…and the latter having died in 1997 at age seventy.
The announcers reminded viewers that Japanese fans were much more quiet and reserved than their American counterparts, especially WXO fans who were too raucous to even let Ted DiBiase speak. Yet that didn’t stop WXO from adding tons of crowd noise to the Japanese match in post-production anyway.
Johnny Ace cut two promos promising to kick some butt and win the tag team titles in WXO, despite not caring what the X stood for. One of these promos would even make it to air on Raw as part of CM Punk’s feud with Big Johnny…
…whose catchphrase of “If you don’t got it, get it. If you don’t get it, figure it out” never really caught on.
Other, lesser-known talents in WXO included Scoot Andrews…
…who, years before Offset came around, went by simply, “Black Nature Boy”.
Maniac Manny, who believe it or not was not a character on Exposed: Pro Wrestling’s Greatest Secrets…
…faced Shawn Hill, whom Stan Lane described as “Hot & Sexy!” (“…emblazoned on his tights”, he clarified, to keep things family-friendly).
Their match ended when Manny crotched himself on the top turnbuckle, laughed, and did a flying headbutt anyway.
Manny was very fond of kissing men. Silly goose! You’re supposed to kiss women.
Tastefulness had always been a top concern for Stan Lane.
With interviewer Jennifer Hart covered from the neck down in black denim…
…and Geea appearing to wear a life vest under her suit jacket…
…they left a lot to the imagination, and boy did the announcers mentally fill in the details! Cruise and Lane couldn’t stop gushing about how gorgeous Jennifer and Geea were, especially when the latter flashed a little collar bone.
The uncomfortable fixation on their female colleagues didn’t stop even when Jennifer joined the announce team. If this promotion had lasted any longer, I expect Chris Cruise would end up telling Jennifer Hart she was doing a great job, but she was not using all her assets.
While the male announcers could spot a sexy dame from a mile away, neither of them could figure out who this broad-shouldered man in a sweat-soaked sweatshirt could be.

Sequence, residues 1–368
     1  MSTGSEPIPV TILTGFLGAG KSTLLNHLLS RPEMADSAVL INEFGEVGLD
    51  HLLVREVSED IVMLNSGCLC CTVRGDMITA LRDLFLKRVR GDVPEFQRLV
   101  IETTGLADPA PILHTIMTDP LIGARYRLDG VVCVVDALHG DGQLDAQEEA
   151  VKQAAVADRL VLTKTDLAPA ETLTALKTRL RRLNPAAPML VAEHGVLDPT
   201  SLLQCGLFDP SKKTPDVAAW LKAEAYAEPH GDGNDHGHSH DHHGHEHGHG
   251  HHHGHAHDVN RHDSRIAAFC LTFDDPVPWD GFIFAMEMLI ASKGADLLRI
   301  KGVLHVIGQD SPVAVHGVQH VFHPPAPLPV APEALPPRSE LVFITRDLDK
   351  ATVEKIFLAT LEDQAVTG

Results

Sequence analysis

Of course, it was John Stossel.
No, it was Dan Severn, who was soon confronted in the ring by a masked man.
“I’ll tell you who that is,” said Cruise. “He’s wearing a mask, but it’s Al Green.”
How could the same announcer who couldn’t recognize a former UFC and NWA champion, immediately recognize Master Blaster Blade even with a mask on?
Better question: Why put on a mask if you’re just going to use your real name?
Green got in the face of Severn, who put him in the ankle lock as his fellow heels looked on. Somebody needed to make the save for Green, and that someone was – you guessed it…
…Barry Horowitz, whom Chris Cruise referred to as, “this kid”. He was 40.
I mentioned the Master Blasters, the old WCW team consisting of Al Green (“Blade”) and Kevin Nash (“Steel”). Believe it or not, Nash was in the house for the first episode of WXO!
Scott Nash, that is. Yes, WXO actually hired an impostor Kevin Nash, and not even the most famous impostor Kevin Nash.
This knock-off was best known for jobbing to Randy Savage on Nitro the previous summer while wearing a dress for some reason.
Medium Sexy’s opponent, Barry Darsow, had the match well in hand until this sneak attack by Mike Enos. This blatant interference occurred in plain view of the referee, who then awarded the match to the bootleg Kevin Nash by countout, and no detail in that previous sentence gave the incurious commentary team the least pause.
Broadcast journalists, they weren’t.
The following week, they used the exact same finish, the ref again disrespecting the rules. The AWF would be spinning in its grave!
The promotion’s first main event was interrupted by a fan, upon whom all four wrestlers proceeded to pound away (some more enthusiastically than others).
The fan’s twin brother rushed through the crowd to fend off the attack – good thing most of the seats were empty.
The future Gymini fought off the Heartbreakers and the two teenaged Jeff Hardys and would wrestle later in the taping.
That first WXO taping ended with a cliffhanger, as Stan Lane was found beaten up backstage. However, the group never held another taping.
After WXO ceased operations, The Shane Twins would go on to fame wrestling as giant penises…
…Ace Steel would go on to fame wrestling as Donald Trump…
…and Johnny Ace would go on to fame as patriarch of the Bella family.
The three existing episodes of WXO were nonetheless aired in syndication, leaving fans with many unanswered questions:
What did the X stand for?
Who attacked Stan Lane?
What did the W and O stand for?
And most importantly, What did the X stand for?